Fall 2014

ToDo List

First, assess your garden and how plants did this past summer. Note which plants did well and which did not. Look at which areas need soil amendment and new plants.

Clean-up - Deadhead faded blooms and remove spent plants. Be sure to notice any plants harboring insects and diseases, which can affect the next crop you want to grow. Getting the old stuff out will give your future plants the chance to thrive. Don't put any infested or diseased plants into your compost pile. Giving your garden a final weeding for the season will help reduce the number of weeds that spring up next year. Use your local landfill to dispose of weeds, not your compost.

Annuals - Replace warm-weather annuals with cool-weather flowers like pansies, mums, ornamental kale and other annuals that tolerate the cool weather well. You can save seeds from most annuals and plant them next year. Be sure to amend the soil before planting the new flowers.

Perrenials - Now is the ideal time to divide your perennials. It reinvigorates the plant while giving you additional new plants. Also, this is a good time to plant perennial seeds for next spring.

Bulb - Plant bulbs now. But if you want to store them, keep them in a cool, dry place. Tulips, daffodis, crocus, iris and hyacinths all provide wonderful spring colors.

Planting Trees - Planting now is ideal. It gives their roots a chance to grow out of the root ball and into the soil before next spring, when the demands for nutrients for the foilage increase.

Lawns - This is a good time to seed and fertilize a new lawn.

Roses - NOT a good time for pruning, as it stimulates new growth. Best to do this in the spring.

Bed Prep - This is the best time to prepare your beds for spring. Tilling and amending the soil with organic material now gives it time to reach ideal conditioning for your spring plantings.

Easy Organic Mulch - Run your lawn mower over fallen leaves and rake the small leaf shreds into the garden for an organic mulch which will break down quickly.

Fall in Northern California

Greetings Gardeners,
Finishing the wonderful summer garden experience leads us to the fall clean up that does not necessarily appeal to everyone. At least we are still being pro-active even as the hints of crisp cold mornings remind us of what is ahead in the upcoming months. There are a lot of activities to consider now as we are preparing for the cool and wet season.

To begin our quest for a bountiful fall, it is a great time to visit nurseries, those that are having the "Big Sale". Typically, this is the time of year for the nursery to clear out material and make space for new plants. What kind of plants should you be looking for? Well, things like fruit trees, perennials, shrubs, and bulbs.

Fall is the best time to plant. Starting your seeds now for the winter vegetable garden is important. Fall and winter annual color, such as pansies, violas, mums, Iceland poppies, calendulas, and snapdragons can also be planted now.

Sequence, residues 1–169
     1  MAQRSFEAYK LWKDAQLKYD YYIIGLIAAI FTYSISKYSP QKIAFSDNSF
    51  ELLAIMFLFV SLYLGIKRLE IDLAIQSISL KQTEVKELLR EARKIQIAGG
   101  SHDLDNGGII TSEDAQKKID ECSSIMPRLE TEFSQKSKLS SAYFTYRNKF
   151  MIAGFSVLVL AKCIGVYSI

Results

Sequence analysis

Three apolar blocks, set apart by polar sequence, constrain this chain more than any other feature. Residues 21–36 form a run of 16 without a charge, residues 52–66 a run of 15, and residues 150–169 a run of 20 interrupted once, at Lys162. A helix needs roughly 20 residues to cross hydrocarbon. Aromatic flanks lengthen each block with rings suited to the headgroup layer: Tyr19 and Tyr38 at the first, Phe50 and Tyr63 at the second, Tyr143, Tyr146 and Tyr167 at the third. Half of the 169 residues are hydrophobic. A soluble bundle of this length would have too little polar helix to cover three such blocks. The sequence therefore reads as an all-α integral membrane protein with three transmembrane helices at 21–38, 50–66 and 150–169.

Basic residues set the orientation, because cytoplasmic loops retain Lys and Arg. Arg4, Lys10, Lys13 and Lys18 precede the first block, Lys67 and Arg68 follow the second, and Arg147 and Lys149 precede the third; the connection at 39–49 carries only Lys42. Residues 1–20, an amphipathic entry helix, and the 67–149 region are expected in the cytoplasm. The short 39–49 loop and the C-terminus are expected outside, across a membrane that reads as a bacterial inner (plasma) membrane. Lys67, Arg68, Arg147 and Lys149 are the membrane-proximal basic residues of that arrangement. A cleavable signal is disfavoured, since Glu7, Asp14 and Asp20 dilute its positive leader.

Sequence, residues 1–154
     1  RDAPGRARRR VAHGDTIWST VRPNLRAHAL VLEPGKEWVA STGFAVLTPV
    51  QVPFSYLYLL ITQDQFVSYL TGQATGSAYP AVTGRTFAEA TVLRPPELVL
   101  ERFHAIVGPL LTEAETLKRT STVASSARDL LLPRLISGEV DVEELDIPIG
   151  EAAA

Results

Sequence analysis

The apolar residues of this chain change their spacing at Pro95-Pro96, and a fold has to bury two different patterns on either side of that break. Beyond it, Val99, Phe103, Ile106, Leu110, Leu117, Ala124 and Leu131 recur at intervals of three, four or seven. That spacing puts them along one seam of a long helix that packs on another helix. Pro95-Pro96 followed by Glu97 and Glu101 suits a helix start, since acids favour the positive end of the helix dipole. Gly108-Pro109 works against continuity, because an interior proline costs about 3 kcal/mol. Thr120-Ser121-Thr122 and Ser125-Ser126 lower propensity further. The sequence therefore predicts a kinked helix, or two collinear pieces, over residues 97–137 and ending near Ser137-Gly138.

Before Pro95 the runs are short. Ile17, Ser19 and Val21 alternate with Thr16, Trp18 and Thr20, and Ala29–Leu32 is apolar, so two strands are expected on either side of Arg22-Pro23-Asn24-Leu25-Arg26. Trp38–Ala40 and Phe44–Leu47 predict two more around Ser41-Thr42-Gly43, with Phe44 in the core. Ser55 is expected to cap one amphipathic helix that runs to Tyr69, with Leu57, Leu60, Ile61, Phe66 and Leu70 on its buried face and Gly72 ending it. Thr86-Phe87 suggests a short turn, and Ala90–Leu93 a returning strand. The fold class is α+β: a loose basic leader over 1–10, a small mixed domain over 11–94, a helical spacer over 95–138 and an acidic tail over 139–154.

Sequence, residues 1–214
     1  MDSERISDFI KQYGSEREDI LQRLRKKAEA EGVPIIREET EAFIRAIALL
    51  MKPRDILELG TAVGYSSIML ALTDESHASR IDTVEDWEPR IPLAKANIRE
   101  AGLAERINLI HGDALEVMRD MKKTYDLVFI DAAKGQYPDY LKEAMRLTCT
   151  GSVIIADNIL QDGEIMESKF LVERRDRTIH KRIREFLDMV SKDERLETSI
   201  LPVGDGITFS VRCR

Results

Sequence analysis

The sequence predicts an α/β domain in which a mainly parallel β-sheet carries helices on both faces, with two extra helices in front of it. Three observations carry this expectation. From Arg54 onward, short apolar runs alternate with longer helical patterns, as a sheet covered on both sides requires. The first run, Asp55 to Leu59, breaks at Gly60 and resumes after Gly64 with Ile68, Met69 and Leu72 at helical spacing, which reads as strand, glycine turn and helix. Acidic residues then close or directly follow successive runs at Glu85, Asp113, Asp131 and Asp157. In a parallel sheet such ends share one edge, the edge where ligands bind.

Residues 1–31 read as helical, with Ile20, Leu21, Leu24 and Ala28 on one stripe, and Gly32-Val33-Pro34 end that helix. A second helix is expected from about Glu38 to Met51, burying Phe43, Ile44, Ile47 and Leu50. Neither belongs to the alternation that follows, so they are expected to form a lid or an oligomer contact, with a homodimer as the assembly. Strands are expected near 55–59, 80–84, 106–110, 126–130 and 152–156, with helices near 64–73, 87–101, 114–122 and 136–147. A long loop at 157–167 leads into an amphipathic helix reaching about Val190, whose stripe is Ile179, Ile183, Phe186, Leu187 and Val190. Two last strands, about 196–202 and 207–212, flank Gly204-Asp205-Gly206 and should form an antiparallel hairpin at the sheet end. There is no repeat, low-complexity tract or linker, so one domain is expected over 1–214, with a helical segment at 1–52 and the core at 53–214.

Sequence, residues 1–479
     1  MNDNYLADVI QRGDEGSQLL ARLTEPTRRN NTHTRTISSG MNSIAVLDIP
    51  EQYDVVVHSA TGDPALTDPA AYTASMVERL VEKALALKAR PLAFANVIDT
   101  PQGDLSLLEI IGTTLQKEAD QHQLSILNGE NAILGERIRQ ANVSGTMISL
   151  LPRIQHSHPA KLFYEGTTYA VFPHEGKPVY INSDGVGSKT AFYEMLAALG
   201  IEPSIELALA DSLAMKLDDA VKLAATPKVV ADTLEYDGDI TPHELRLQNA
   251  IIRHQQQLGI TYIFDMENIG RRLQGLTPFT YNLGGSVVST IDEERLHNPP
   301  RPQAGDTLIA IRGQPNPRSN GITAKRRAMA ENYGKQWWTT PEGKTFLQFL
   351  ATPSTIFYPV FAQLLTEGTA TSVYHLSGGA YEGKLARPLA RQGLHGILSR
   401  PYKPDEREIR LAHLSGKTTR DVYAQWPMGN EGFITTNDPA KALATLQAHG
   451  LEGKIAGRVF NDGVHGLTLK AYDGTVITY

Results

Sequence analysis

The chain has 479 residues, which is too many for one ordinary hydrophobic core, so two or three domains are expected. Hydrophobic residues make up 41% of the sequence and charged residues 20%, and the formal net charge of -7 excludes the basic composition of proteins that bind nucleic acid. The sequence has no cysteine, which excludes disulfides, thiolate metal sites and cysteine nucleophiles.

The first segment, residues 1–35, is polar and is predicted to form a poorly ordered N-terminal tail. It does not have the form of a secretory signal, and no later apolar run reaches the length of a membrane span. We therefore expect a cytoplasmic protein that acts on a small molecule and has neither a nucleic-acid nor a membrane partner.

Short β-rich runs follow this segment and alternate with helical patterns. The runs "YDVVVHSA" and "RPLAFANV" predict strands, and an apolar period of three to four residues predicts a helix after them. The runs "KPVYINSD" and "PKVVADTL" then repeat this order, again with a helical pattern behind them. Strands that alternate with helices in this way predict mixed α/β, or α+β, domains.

Fall Rosehips
Composting from now until the rains is a good way to have organic matter available for spring. Just be sure to turn your piles periodically for the best results. Some of your perennials need tip pruning for prolonging their flower production.

For those of you that like fall color from trees, October and November are the best months to check the colors of trees that appeal to you and take note of them so you can look to purchase them either during bare root season or in the spring. Be sure to keep all of your young trees watered thoroughly during the last hot spells of Indian summer. Bulbs will be available from now until the end of October. Remember to utilize bulb food when planting, by using either organics such as bone meal and blood meal, and or granulated bulb food formulas from you local nurseries.

Fall Harvest

If weeds are still prolific in the yard, be sure to pull them out before they reseed next spring. Collect fallen fruit from trees. The decaying material attracts unwanted rodents. Keeping thins clear and clean from the base of plants also helps to prevent diseases and insects from harboring there to cause problems later.

So remember, raking leaves is just part of the routine schedule for the next few months. Collecting your late harvest corn, pumpkins and squashes is what your fall festive chores are all about. With that, have a great time raking, baking and making your garden grows.

Throughout the season we have continued to advocate the sustainable garden, and the important choices one should and can make for gardening and landscaping. It would be very beneficial to the environment for everyone to commit to one thing starting this fall. Recycle or repair something to help protect our resources. Give something back to what gives us so much pleasure...

Good Gardening,
Creative Environments

Call Us!

Creative Environments would like to meet with you to discuss your landscaping needs. Please feel free to call us at (707) 827-7980 for a free, one-hour consultation with one of our landscape specialists. We look forward to hearing from you.